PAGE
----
Middle Managers need less commands, more autonomy

Illustration Courtesy: www.isg-one.com

Benjamin (Ben) Rand
Massachusetts, Boston, USA, February 15, 2024

Skilled middle managers foster collaboration, inspire employees, and link important functions at companies. An analysis of more than 35 million job postings by Letian Zhang (Harvard Business School) paints a counterintuitive picture of today’s midlevel manager. Could these roles provide an innovation edge?

Middle managers are not going extinct. They are evolving.

Once a wasteland where careers stalled or abruptly ended in layoffs, middle management has adapted and is thriving, seeing double-digit growth in some industries.

Managing others is being redefined in an increasingly complex, technologically driven economy, suggests new research from Harvard Business School, and managers who can collaborate—not just supervise and discipline—are reaping the rewards.

Unleashing the potential

To support more autonomous, creative workers, organisations want managers to act “less as Army commanders and more as basketball coaches,” says Letian Zhang, the study’s author and an Assistant Professor of Business Administration at the Harvard Business School.

“Organisations are adopting a more bottom-up approach, so, they are trying to unleash the potential, the creativity, and the motivation of frontline employees. The manager’s job is less to tell them what to do, but more to inspire them. I think that it is just a smaller piece of a larger, grander transformation in organisations,” he said.

Good management now involves coordinating and collaborating with subordinates across functions to get things done, according to the study, published in the American Journal of Sociology. While artificial intelligence promises to transform the workplace and disrupt the organisational chart, Zhang’s research suggests that middle managers will still play a key role even in innovation-heavy industries, such as software development.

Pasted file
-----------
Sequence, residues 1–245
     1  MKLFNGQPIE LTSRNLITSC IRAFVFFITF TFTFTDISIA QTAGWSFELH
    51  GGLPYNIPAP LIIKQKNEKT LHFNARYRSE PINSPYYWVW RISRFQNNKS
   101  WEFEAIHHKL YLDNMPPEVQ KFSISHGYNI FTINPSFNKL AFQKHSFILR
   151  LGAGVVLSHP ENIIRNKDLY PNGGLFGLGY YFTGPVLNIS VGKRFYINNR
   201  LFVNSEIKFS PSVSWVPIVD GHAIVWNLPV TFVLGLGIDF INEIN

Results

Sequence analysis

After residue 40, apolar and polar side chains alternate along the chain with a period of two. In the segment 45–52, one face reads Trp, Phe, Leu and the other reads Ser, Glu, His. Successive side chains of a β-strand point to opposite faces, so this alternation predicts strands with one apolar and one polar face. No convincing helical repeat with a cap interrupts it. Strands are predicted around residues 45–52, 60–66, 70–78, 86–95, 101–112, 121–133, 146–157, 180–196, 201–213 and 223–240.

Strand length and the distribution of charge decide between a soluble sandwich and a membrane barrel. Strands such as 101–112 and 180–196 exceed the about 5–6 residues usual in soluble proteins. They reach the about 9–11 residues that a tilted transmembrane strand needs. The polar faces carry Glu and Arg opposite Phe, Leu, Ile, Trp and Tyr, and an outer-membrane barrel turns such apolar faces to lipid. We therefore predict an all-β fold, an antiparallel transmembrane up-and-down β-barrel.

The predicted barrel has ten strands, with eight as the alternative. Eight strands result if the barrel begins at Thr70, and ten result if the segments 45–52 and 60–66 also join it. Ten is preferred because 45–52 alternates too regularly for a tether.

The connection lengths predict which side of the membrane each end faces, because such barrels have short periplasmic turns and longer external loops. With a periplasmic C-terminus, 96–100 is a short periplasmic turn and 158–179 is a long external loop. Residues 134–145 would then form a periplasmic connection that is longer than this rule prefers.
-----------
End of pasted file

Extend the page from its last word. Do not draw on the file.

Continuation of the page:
They often know how and when to connect groups with disparate skills—like engineering, sales, and market analysis—at key points in a project.

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Analysis of job postings

Zhang bases his conclusions on a unique linguistic analysis of more than 34 million online job postings for managerial openings in the United States between 2007 and 2021. He also gathered and analysed one million newspaper job postings, six million manager resumes and job reviews, and 430,000 Indeed.com job reviews.

The data shows that Managerial job postings that required collaborative skills and experience increased by three times between 2007 and 2021. By contrast, job postings that included supervisory capabilities decreased by 23%.

The use of collaborative phrases in newspaper job postings grew by 15% between 1980 and 2000. Before 1980, references to collaboration were scarce.

The number of managerial resumes listing supervisory experience decreased by 8% between 1985 and 2015, while those highlighting collaboration increased by 37%.

References to supervisory duties in Indeed.com reviews decreased by 22%, while mentions of collaborative/teamwork skills grew by 28%.

Challenging conventional wisdom

During the 1980s and 1990s, middle managers became prime targets of large-scale downsizing at the behest of shareholder activists—yet the ranks of middle managers never really declined. Zhang’s data helps explain why.

Managers made up 13% of the US labour force in 2022, up from 9.2% in 1983, according to the study. Their share has continued to grow in recent years, jumping 23% between 2005 and 2020. During the same period, wages for managers also increased proportionally compared to those of non-managers.

Zhang believes that growth says more about changes in the economy than it does about firms allowing themselves to return to days of bloated, ineffective managerial ranks.